I'm curious about a certain sentence construct that I've seen in different contexts. I'm talking about sentences in the following style:

A * doesn't a * make.

(* being a wildcard). For example:

A good camera doesn't a good photographer make.

A google search for that specific sentence construct yields several results. However, the placement of the verb at the end of the sentence seems to be a grammatical error to me.

Is this construct grammatically correct? Is it archaic? Is it derived from a famous quote? Or is it just plain wrong?

  • I just want to replace your google search with this search, which is more specific – zyurnaidi May 16 '16 at 12:51
  • It's quite a common construct, if not something you hear every day. The word "good" isn't necessarily required. – nnnnnn May 16 '16 at 14:24
  • @nnnnnn I edited the question accordingly. zyurnaidi, I changed the google search as well – MoritzLost May 16 '16 at 15:17
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    A lightsaber doesn't a Jedi make - Yoda. – Glorfindel May 16 '16 at 15:30
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    @AlanCarmack Only a sith in absolutes deals – MoritzLost May 16 '16 at 15:41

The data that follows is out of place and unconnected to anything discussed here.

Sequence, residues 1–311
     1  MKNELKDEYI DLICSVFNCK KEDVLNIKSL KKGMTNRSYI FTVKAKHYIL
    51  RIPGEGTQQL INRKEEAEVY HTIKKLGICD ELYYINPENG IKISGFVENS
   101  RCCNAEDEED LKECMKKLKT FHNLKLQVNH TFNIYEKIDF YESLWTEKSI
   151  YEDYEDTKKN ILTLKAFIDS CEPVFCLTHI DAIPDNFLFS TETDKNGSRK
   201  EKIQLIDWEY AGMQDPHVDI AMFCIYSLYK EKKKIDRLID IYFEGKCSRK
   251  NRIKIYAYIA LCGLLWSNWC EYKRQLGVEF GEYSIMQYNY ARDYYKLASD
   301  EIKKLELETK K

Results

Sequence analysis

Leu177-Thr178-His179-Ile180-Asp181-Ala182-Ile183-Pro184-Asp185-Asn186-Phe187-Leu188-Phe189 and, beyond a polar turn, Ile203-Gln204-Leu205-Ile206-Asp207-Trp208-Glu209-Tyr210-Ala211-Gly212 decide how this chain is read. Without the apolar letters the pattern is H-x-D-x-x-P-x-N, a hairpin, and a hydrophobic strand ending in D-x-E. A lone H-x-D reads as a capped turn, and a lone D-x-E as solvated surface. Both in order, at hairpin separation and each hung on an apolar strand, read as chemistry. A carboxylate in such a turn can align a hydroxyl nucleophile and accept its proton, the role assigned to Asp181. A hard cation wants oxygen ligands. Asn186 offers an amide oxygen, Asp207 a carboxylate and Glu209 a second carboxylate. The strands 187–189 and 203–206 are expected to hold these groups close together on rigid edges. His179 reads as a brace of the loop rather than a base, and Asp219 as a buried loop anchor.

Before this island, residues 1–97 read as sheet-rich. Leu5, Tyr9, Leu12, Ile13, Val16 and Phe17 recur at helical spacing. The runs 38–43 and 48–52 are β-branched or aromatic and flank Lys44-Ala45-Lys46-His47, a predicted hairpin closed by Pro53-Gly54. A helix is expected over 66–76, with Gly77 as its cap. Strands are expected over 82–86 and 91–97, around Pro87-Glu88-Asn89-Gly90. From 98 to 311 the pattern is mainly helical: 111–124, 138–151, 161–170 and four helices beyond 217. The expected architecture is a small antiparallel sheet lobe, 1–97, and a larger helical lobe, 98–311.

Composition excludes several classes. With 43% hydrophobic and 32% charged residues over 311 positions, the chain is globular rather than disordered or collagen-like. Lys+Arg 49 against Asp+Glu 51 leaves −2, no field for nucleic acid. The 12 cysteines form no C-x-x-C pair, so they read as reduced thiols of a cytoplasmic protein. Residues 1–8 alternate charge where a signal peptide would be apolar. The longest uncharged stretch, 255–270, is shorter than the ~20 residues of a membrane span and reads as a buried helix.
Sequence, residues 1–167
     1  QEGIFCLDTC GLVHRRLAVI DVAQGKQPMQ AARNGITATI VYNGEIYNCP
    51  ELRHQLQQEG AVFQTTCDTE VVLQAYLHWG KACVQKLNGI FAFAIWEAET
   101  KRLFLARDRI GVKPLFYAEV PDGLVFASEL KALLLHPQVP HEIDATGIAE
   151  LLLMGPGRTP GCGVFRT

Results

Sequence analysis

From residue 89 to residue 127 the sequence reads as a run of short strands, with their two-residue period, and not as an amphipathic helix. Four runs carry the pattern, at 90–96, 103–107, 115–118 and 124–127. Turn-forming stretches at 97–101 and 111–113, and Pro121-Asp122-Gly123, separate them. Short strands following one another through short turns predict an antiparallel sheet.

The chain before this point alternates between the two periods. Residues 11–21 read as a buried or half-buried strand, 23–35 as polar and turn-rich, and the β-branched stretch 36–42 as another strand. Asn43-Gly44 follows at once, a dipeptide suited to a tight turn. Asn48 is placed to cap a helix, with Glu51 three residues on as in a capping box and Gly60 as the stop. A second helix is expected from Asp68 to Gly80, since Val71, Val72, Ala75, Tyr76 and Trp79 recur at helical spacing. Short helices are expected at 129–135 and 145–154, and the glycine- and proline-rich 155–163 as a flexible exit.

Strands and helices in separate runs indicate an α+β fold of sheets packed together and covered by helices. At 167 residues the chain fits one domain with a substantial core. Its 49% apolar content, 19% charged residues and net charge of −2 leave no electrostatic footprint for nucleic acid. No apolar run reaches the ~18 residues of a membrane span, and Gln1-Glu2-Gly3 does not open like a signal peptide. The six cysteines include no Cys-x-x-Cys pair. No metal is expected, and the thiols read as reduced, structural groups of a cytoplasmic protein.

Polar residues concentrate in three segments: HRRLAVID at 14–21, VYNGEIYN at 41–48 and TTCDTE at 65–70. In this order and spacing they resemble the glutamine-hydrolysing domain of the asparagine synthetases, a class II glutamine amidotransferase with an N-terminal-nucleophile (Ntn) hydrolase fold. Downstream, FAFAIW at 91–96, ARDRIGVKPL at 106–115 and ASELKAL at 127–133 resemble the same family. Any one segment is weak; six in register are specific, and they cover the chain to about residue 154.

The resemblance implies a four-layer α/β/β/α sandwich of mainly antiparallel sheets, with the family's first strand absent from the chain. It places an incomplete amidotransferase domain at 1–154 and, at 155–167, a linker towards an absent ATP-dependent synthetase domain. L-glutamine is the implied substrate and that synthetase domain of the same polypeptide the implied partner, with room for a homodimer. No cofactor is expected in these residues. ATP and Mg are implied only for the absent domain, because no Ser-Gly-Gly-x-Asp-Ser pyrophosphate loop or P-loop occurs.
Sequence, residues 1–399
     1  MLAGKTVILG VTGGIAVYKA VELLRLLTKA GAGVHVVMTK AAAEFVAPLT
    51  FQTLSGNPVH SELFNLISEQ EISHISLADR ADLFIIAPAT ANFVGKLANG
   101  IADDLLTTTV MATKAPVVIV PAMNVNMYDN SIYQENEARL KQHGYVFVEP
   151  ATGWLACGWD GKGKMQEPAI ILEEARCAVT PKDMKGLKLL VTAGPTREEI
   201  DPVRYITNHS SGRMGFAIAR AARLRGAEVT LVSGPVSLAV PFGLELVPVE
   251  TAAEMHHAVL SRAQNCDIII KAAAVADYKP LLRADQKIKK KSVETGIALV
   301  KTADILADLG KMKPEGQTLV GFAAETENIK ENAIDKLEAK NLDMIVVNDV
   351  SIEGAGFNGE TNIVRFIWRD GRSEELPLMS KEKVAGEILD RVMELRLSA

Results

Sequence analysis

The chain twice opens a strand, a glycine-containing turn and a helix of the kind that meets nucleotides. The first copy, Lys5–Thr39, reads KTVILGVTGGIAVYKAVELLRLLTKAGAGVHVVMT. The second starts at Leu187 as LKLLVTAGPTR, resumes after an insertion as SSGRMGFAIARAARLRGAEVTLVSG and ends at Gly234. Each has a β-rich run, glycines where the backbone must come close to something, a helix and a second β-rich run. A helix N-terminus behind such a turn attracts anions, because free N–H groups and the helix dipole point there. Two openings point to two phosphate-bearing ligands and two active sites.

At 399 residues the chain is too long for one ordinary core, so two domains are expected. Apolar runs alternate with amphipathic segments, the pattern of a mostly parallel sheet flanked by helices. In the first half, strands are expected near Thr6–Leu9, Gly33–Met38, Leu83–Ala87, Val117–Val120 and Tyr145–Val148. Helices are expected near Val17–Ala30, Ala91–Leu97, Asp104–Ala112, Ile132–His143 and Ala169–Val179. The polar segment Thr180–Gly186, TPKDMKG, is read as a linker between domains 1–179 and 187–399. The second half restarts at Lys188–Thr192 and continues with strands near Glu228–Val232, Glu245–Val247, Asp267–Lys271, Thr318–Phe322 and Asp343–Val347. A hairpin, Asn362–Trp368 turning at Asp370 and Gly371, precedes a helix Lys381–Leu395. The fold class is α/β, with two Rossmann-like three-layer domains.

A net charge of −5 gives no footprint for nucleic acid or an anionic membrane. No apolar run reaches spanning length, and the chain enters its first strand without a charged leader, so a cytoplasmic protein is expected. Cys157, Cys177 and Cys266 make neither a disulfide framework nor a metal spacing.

It is grammatically correct. The most common usage is probably the proverb, "one swallow does not a summer make".

Here and here are some explanations of this word order. In short, it's an hyperbaton used to emphasize "make", and it is considered archaic (or poetic).

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    +1, but I don't see how it can be considered archaic if the construction is still in use today. – Alan Carmack May 16 '16 at 15:37
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    @AlanCarmack, afaik, if it won't be in use today, it would be considered obsolete, not archaic. Archaisms just sound old-fashioned outside of specific context – user27060 May 16 '16 at 15:48
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    @AlanCarmack: A single, idiomatic use does not a non-archaic word make. – Lightness Races in Orbit May 16 '16 at 15:59
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    @AlanCarmack The construction is valid, but no one uses it these days except in this context, so it sounds very archaic. – Kevin Wells May 16 '16 at 16:10
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    @AlanCarmack If methinks is not archaic (based on its frequency of usage on Twitter), you may wish to inform Merriam-Webster of their error. :) Whether a word is archaic depends in part on whether it registers tonally as archaic. A word being archaic doesn't mean that it's not used or understood (as mentioned above, that's obsolete). – apsillers May 16 '16 at 17:36

The sentence that jumps into my mind is

One swallow does not a summer make.

You can read more about the sentence, including historical uses at the Wikitionary Page for it. The alternative sentence with ... does not make a summer sounds lackluster in comparison.

So, no it's not ungrammatical or outdated, and your latest Google search brings up several examples.

  • but is the swallow African or European? – Federico May 17 '16 at 9:14

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